Daily life means standing at the crosswalk next to three women wearing black abayas and shaylas, two older women in saris and shawls, four men in long cotton tunics and trousers speaking what sounds like Urdu, three guys in skinny trousers and pointy shoes talking in Tagalog, two French tourists, and a tall man whose impeccable white dishdash features huge gold cufflinks that sparkle in the morning sun (and yes, you could set that list to the tune of “Twelve Days of Christmas”). Daily life means seeing crowds of workers resting in the scarce shade of a date palm and knowing that they will be more respectful of me than would a similar group of workers in the US. Daily life means marking the hours of the day by the call to prayer (which always makes me wonder how Muslims in non-Muslim countries keep track of prayer time if they don’t have this app). Daily life means sunscreen, sunglasses, sandals; it means fresh lemon juice served with mint and sugar; it means dates stuffed with candied orange peel.
Daily life means conversations with other foreign-born workers that frequently sound as if we’re prison inmates: “how long have you been here? how long are you staying? when are you leaving?” People’s lives here seem more fluid; Liam has a friend who has moved nine times and he’s only 11. Daily life means that we spend more time together as a family than we did in New York, which is both good (family adventures, family dinner, family conversation) and bad (sibling bickering ratcheted to “Hunger Games” kill-or-be-killed mode).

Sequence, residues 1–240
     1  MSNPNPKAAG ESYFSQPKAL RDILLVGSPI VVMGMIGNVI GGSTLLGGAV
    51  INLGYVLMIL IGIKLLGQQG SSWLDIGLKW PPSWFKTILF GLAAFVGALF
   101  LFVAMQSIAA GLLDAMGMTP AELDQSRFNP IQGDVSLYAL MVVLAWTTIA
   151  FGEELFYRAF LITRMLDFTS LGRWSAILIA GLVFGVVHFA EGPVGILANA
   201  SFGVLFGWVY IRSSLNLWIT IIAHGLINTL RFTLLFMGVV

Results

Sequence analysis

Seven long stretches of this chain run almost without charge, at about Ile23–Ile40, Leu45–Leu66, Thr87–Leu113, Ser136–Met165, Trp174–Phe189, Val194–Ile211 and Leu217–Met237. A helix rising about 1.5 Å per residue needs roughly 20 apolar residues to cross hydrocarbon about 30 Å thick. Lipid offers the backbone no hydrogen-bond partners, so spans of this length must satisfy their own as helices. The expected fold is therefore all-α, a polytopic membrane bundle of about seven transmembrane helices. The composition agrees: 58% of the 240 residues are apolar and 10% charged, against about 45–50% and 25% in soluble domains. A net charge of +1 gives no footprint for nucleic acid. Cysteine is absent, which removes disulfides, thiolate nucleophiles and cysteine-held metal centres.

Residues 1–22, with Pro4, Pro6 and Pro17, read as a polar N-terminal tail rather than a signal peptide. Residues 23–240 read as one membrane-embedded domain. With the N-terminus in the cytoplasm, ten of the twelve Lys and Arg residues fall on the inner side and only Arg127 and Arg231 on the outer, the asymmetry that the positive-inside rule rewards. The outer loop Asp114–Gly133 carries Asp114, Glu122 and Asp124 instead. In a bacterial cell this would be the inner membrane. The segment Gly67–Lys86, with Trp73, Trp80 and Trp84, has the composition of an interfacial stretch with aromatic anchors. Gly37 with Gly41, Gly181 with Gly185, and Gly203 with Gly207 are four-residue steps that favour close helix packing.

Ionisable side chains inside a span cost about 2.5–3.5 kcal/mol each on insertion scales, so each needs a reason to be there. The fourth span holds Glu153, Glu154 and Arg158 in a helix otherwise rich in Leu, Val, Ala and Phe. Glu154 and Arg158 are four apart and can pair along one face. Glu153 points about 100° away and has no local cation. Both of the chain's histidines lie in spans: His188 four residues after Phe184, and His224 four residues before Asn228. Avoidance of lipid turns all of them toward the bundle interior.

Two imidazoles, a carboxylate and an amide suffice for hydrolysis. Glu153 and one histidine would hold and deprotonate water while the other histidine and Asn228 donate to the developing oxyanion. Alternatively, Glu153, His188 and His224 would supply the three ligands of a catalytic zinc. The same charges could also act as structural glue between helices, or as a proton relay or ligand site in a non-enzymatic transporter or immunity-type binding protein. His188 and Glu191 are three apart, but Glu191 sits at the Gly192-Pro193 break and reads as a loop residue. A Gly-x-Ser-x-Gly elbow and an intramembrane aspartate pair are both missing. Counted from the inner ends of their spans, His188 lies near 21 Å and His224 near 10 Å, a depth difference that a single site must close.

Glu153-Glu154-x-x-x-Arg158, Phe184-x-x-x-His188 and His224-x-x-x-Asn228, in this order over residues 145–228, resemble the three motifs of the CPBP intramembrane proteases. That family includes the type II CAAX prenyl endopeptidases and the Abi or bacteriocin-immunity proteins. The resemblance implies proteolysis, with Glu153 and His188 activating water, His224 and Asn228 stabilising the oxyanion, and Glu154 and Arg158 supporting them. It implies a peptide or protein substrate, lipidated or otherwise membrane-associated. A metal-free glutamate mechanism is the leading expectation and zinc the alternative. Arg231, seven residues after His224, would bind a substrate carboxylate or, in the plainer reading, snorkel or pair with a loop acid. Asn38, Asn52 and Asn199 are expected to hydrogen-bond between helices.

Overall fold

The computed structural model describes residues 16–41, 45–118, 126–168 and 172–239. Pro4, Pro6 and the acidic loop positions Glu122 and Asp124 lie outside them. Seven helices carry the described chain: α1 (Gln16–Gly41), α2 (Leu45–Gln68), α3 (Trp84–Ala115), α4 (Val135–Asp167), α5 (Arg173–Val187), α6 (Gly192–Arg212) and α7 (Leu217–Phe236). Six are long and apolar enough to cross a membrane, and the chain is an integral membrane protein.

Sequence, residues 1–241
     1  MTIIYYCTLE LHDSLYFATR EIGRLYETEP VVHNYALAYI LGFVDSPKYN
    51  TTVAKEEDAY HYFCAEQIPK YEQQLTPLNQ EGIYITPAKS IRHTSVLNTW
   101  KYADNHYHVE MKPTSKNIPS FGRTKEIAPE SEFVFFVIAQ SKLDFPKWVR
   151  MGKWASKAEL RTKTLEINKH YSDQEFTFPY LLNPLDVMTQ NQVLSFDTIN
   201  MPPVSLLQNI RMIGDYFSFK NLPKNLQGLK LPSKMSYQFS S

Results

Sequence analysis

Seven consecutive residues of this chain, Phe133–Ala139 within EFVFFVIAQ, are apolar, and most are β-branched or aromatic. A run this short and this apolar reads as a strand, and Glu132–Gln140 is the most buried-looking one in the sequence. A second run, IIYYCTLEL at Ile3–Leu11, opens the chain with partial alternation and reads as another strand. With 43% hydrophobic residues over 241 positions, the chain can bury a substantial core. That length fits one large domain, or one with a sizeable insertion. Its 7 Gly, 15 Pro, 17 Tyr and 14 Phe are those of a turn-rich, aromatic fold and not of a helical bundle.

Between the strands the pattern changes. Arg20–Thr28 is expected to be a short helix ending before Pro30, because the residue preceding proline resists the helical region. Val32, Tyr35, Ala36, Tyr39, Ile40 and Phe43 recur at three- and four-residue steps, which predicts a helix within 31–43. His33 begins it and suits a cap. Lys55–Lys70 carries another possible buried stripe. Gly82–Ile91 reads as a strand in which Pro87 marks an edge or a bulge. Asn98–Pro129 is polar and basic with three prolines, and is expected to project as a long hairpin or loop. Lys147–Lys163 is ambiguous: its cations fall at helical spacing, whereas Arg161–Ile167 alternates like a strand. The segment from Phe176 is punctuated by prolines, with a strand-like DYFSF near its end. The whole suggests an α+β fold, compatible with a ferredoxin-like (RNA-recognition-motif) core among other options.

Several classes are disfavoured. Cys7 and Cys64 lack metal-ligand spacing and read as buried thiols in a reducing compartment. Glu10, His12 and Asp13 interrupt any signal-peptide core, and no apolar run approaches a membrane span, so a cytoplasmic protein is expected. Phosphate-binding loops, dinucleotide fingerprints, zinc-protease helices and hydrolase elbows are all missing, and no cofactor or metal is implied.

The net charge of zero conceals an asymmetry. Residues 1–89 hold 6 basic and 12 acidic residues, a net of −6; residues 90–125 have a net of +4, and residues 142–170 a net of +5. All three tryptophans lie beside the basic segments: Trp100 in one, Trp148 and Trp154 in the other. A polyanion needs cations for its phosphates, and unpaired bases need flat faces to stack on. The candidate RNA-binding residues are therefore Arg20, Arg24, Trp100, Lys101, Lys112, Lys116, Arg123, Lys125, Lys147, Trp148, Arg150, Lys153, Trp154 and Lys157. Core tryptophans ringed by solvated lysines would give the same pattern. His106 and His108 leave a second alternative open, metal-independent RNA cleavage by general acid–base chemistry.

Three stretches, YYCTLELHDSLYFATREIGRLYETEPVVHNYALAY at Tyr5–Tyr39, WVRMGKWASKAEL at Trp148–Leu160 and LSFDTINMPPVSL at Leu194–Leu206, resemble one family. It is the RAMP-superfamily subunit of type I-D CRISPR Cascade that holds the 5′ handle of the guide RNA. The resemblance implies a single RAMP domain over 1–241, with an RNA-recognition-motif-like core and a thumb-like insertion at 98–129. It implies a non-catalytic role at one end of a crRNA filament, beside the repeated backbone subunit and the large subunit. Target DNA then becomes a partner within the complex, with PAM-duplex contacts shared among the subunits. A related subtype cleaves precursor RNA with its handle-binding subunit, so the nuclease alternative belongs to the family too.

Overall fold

When we talk about staying here for another year, I think about what I like about living here: the weather, the water, the slow pace, the new perspectives that come from being an outsider. And then I realize that the same items are on my list of miseries: it’s too hot; the water is polluted; there is nothing to do; I don’t fit in and I never will. I miss talking to my sister on the phone while I do the grocery shopping; I miss my mom always; I miss museums and public art; I miss the energy of life on New York streets; and even though I’ve made some lovely new friends, I miss my lovely old friends (old in the sense of long-time, not in the sense of, you know, old, because miraculously, we’re all still twenty-nine).
Eight months is a long time. And then again, it’s no time at all. As it turned out, I didn’t stay pregnant. But I’m not sure about this expat thing. It might be the new normal.
the sidelines at a recent football tournament
**we’ve been in Abu Dhabi for eight months, but yeahwrite has now been in existence for ONE YEAR. Plus a week. So click over, link up, read through, then vote for your faves on Wednesday.
Loved this. I lived in England for a little over a year, and even though that is small potatoes compared to Abu Dhabi, comparing that culture shock/immersion to pregnancy is perfect. Brilliant piece. Good luck with your decision!!